Telehealth, Urgent Care, Retail Clinics Getting More Popular

Ken Terry

April 02, 2019

The use of alternative places of health service, such as telehealth, retail clinics, urgent care clinics, and emergency rooms, has grown rapidly over the past decade, a new report from the independent, nonprofit research firm FAIR Health shows.

But a very low percentage of the care delivered in the US healthcare system is provided in these venues, according to FAIR Health's analysis of the largest private claims database in the country.

From 2016 to 2017, for example, the number of telehealth claim lines grew by a dramatic 53%, but represented only 0.11% of all medical claim lines. (Claim lines are individual services within a claim.)

The utilization of urgent care centers (UCCs) jumped 14% in 2017, but only 1.2% of all claim lines came from UCCs. Similarly, retail clinic claim lines increased 7%, but utilization of that care setting was just 0.03% of the claims universe.

By comparison, the utilization of emergency rooms (ERs) dropped 2% in 2017, but totaled 2.6% of total claim lines — the highest percentage among the care venues studied. Utilization of ambulatory surgery centers (ASCs) increased 6% to nearly 1% of all claim lines.

Retail clinics, while increasing their overall number of claim lines, hit a wall in urban areas, where their utilization fell 28% in 2017. Retail clinic use held steady in rural areas, however, with 3% growth. In the same period, UCC utilization increased 15% in urban areas while remaining flat in rural regions.

Small Base, Big Growth

Over longer periods of time, the report shows, the use of alternative care settings has grown very rapidly from a small base. From 2008 to 2017, for example, UCC usage climbed by 1434%, more than seven times faster than the 194% growth of ER utilization. Claim lines for ASCs grew 97% during the same period.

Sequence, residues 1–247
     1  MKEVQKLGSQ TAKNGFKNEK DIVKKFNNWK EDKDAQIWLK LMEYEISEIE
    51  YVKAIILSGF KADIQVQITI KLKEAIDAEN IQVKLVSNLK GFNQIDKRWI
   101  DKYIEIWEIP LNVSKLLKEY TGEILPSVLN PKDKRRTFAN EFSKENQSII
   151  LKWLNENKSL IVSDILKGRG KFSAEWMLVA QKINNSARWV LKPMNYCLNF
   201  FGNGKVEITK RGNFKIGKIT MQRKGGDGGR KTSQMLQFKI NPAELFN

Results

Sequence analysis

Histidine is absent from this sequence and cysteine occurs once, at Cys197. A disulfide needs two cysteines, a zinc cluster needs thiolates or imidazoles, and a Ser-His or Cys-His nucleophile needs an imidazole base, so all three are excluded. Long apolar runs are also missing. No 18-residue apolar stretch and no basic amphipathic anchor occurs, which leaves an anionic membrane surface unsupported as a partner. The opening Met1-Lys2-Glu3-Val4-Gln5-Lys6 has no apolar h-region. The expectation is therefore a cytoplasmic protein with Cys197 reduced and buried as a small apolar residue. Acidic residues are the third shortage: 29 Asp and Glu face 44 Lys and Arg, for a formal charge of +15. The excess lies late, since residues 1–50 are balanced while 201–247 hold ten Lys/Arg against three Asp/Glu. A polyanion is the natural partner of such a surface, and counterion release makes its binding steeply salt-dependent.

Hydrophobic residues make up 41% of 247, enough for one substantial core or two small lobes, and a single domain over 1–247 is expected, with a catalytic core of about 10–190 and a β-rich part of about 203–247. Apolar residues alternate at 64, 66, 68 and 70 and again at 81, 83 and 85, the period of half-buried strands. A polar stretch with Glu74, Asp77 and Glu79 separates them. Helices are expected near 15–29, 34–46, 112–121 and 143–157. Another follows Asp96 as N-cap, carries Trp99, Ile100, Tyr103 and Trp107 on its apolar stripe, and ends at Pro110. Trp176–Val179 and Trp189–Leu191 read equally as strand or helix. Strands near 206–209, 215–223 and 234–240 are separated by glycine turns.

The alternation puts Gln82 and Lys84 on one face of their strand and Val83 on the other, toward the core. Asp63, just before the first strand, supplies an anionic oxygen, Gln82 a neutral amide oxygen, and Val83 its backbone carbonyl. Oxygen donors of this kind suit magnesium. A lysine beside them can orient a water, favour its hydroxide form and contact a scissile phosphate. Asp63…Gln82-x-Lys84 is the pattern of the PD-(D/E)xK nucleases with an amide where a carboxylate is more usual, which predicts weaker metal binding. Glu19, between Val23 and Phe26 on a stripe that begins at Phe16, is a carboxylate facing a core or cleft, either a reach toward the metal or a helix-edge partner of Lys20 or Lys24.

Similarly, claim lines for retail clinics jumped 674% from 2012 to 2017, although retail clinic growth slowed compared with that shown in last year's report.

Telehealth utilization soared by 1202% from 2012 to 2017, and the number of telehealth claim lines accelerated more quickly in urban areas than in rural areas. The rural increase in telehealth claim lines during this time period was 482%, while urban usage jumped 1289%.

Diagnostic Categories

In 2017, more women than men used alternative care settings. The most common diagnostic category in 2017 in retail clinics and UCCs, and among people over 22 years old in the ER, was respiratory infections.

For individuals aged 22 and younger in the ER, digestive system issues were the top diagnostic category. Of course, the range of issues seen in the ER was more extensive and wide-ranging than in any of the other alternative care settings.

Mental health issues were the top diagnostic category among claims submitted for telehealth services in 2016. But in 2017, behavioral health dropped to the fifth most common problem. The leading categories in telehealth claims were injuries (eg, contusions, open wounds), acute respiratory infections, and digestive system issues.

The report reveals differences in the ages of people who used various alternative care settings. In UCCs, the highest number of claims was submitted for individuals aged 31-40 in 2017. In comparison, the peak age group for retail clinics was 51-60 years of age. Forty-four percent of the telehealth claims were associated with people aged 31-60 — a decrease from 56% the previous year. At the same time, children and young adults increased their use of telehealth.

Comparative Prices

Based on its analysis of roughly 28 billion claims, FAIR Health also provided price comparisons for specific diagnostic categories across the alternative care settings.

For evaluation and management (E&M) codes, retail clinics in 2017 had national average charges ranging from $147 for CPT 99203 (a 30-minute new-patient visit) to $105 for CPT 99213 (a 15-minute established-patient visit). The average allowed amounts for those codes were $99 and $78, respectively.

Urgent care centers had national average E&M charges ranging from $308 for CPT 99204 (a 45-minute new-patient visit) to $166 for CPT 99213 (a 15-minute visit). Average allowed amounts for those codes were $168 and $98, respectively. So not only charges but also allowed amounts were higher in UCCs than in retail clinics.

The report also compares median charges and allowed amounts for office, UCC, and retail clinic E&M codes. For a CPT 99203 visit, for instance, the median charges were $207 for offices, $213 for UCCs, and $129 for retail clinics in 2017. The median allowed charges were $92, $114, and $85, respectively.

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